The Rock & Roll Hall of Fame and Museum in Cleveland on Friday released designs for a $100 million renovation and expansion, which would grow the museum’s footprint by a third with a dramatic addition to the original I.M. Pei building.
The Rock Hall announced that the architecture firm PAU will lead the project, which will bring 50,000 square feet of programming space and a new band shell overlooking the shores of Lake Erie. The triangular addition will resemble a guitar pick slicing into the base of the original waterfront pyramid, which opened in 1995.
Vishaan Chakrabarti, the architecture firm’s founder and creative director, will oversee the expansion with assistance from other design firms including Cooper Robertson, James Corner Field Operations and L’Observatoire International.
“Our theme for the project is the Clash,” said Mr. Chakrabarti, who also serves as dean for the College of Environmental Design at the University of California, Berkeley. He said the new design has “a sense of grit” that is in line with the rebelliousness of rock ’n’ roll.
The desire to create a campus around the Rock Hall originated about five years ago, its president and C.E.O., Greg Harris, said. The hall hoped to add space for exhibitions and events, as well as offices with a view of the water.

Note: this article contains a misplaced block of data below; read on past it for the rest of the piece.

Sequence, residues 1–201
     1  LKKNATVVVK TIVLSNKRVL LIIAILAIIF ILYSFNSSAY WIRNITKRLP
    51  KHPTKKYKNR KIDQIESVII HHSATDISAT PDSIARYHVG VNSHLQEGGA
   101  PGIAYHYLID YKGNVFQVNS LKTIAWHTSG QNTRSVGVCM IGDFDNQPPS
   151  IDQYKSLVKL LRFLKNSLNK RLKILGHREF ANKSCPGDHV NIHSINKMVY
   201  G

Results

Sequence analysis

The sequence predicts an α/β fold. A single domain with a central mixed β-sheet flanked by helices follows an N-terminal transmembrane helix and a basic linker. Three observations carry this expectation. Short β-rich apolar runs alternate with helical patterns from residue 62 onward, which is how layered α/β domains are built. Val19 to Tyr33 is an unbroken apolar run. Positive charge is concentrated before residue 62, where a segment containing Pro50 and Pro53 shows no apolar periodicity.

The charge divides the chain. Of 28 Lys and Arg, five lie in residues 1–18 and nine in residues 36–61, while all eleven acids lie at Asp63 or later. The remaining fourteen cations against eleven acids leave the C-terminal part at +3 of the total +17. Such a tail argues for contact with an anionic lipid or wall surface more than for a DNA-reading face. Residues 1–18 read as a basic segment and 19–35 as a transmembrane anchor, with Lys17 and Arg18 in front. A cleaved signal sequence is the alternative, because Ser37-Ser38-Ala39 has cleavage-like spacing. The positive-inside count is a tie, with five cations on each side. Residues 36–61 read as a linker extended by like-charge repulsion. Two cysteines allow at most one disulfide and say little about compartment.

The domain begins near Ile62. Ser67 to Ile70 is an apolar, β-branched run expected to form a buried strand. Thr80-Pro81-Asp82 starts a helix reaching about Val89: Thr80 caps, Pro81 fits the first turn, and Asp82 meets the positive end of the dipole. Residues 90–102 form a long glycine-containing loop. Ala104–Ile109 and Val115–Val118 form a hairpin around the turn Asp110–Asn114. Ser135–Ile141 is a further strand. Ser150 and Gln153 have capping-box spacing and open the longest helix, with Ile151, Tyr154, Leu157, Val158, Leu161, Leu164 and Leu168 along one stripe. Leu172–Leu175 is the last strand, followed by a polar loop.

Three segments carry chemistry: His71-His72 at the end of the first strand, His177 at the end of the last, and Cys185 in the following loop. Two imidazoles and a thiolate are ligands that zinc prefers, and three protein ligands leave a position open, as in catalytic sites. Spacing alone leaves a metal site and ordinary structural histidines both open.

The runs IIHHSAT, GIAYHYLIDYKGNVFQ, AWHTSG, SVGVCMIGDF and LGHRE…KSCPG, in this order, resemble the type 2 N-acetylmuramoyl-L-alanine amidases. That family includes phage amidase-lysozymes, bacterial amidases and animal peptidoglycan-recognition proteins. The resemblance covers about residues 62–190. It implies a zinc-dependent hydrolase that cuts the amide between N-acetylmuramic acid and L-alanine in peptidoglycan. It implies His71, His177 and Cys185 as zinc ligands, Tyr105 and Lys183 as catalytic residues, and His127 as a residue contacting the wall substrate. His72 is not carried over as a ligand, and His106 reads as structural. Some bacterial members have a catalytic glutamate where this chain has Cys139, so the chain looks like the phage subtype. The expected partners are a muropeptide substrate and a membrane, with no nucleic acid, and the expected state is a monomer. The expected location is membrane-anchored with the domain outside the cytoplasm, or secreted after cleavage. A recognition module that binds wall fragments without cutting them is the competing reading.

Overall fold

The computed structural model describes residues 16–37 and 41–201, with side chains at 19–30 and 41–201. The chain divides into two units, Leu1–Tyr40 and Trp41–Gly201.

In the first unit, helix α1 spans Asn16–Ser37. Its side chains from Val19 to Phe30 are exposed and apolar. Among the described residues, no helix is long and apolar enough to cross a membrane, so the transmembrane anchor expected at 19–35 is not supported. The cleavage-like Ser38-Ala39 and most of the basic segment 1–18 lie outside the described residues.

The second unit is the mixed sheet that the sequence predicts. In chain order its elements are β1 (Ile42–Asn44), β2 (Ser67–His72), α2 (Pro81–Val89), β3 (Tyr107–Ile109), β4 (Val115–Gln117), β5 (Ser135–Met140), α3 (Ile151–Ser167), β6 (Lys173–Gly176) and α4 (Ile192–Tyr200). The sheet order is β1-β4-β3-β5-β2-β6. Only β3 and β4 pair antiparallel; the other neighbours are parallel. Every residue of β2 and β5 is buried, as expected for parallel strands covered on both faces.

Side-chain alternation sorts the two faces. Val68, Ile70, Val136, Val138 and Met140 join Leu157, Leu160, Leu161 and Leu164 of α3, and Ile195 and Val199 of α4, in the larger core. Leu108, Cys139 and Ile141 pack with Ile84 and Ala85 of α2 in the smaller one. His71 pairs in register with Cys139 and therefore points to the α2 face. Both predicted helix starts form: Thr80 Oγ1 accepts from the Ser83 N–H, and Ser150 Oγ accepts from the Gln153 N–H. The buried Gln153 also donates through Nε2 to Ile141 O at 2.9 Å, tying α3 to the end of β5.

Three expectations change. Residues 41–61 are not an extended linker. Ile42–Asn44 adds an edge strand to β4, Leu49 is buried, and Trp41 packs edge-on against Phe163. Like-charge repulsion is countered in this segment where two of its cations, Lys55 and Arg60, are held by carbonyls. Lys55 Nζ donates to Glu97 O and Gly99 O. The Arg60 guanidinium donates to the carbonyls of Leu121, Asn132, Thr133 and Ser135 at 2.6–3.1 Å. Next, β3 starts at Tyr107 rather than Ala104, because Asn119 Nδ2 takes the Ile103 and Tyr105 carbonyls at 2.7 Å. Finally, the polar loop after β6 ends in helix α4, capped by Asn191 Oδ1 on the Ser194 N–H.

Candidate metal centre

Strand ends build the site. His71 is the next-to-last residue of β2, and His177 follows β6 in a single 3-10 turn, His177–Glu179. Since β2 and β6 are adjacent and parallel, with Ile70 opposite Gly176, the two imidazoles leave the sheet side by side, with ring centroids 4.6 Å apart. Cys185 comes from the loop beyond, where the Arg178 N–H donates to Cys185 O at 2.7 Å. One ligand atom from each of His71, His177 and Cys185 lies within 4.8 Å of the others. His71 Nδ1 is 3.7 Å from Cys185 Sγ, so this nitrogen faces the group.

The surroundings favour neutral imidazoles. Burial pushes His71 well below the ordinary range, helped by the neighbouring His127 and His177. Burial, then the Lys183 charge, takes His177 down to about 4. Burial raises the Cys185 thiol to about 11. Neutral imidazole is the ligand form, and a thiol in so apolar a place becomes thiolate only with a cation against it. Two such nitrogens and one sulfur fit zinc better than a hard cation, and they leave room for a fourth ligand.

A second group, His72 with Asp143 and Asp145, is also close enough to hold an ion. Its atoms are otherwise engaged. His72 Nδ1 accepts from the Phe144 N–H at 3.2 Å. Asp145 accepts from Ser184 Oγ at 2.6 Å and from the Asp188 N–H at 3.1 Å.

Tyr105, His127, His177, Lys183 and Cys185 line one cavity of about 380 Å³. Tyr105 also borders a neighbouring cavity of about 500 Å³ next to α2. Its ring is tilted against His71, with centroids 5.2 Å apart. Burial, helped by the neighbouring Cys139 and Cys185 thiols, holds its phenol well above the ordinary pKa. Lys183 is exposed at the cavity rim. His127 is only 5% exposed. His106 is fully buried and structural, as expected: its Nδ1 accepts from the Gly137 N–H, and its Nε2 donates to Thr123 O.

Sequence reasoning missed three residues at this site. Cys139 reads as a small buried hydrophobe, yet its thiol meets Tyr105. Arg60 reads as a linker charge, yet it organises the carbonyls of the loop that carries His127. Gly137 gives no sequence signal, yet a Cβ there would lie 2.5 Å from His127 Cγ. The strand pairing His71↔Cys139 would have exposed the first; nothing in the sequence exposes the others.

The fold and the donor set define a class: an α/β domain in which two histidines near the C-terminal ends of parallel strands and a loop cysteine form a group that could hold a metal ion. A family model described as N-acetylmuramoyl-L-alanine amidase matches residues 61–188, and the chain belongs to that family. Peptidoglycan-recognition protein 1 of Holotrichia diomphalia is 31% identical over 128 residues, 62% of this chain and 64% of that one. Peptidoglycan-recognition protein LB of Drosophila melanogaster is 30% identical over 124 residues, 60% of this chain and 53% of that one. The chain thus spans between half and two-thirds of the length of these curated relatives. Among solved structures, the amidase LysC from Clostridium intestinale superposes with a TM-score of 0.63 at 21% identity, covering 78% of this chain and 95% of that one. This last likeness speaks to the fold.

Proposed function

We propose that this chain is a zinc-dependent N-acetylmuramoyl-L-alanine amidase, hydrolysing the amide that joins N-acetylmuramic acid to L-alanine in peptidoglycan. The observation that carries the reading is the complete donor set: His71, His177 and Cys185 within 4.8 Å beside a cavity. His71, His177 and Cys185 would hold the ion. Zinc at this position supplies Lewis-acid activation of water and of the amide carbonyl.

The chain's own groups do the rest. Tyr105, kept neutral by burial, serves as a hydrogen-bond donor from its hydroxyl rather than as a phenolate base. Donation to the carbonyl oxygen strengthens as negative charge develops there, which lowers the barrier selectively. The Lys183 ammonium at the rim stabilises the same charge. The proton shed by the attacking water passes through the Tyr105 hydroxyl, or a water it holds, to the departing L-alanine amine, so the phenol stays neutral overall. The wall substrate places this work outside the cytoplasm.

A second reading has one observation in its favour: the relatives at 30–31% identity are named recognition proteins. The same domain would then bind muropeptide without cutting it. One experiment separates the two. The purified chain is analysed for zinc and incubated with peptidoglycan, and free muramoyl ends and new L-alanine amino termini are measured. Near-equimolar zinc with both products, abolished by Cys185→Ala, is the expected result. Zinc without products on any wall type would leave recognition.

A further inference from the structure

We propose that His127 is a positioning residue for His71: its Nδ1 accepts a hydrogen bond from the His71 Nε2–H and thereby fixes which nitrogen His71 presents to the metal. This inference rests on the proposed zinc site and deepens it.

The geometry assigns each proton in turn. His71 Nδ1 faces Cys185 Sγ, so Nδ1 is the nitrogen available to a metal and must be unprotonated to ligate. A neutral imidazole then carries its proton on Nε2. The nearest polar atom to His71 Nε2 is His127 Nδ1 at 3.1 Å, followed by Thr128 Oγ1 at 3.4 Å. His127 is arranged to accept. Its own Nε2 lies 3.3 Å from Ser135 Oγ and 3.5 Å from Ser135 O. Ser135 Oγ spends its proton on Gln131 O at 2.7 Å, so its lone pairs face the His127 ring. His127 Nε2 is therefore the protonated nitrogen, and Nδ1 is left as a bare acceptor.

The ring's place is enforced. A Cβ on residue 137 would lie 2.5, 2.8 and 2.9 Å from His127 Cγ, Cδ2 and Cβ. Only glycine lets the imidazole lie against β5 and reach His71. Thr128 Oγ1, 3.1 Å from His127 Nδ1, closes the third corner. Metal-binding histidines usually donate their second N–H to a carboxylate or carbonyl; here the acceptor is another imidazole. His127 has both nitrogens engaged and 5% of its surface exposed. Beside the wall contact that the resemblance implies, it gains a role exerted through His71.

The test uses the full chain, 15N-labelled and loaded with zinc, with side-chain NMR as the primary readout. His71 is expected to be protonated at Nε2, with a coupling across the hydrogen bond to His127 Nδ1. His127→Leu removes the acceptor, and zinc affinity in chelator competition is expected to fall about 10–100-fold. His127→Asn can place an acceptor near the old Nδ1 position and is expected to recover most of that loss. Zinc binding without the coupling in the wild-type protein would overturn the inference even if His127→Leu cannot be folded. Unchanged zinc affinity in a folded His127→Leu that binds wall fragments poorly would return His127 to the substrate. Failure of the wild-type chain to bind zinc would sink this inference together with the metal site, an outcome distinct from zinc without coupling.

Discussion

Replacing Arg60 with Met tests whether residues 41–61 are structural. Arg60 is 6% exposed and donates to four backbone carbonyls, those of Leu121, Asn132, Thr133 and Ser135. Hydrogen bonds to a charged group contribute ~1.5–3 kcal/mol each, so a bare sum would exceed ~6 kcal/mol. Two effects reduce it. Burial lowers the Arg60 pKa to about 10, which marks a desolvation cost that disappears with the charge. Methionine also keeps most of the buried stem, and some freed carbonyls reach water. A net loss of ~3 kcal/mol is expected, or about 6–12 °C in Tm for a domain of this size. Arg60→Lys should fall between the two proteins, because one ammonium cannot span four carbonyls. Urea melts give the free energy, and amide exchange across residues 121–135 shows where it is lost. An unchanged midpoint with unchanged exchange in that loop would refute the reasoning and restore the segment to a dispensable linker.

“We wanted to host exhibitions like the Brooklyn Museum’s David Bowie show, but we just didn’t have the space,” Mr. Harris said. “We want to give our audiences the giant wow moment that you would expect from a place of our magnitude.”
The museum had originally embarked on a $55 million capital campaign for renovations, but the expansion nearly doubled the financial cost to a total of $100 million. With the help of trustees, the Rock Hall said, it has raised $73 million.
PAU was chosen because it is one of the top architectural firms in the world, Paul Clark, the chairman of the museum’s board, said. “Their experience will be instrumental as we work through our vision to enhance the Rock Hall,” he said.
It has been a difficult year for the Rock Hall, which relies heavily on ticketed attendance. The coronavirus pandemic put a $14 million dent in its revenues, and the museum was forced to lay off nearly 50 employees.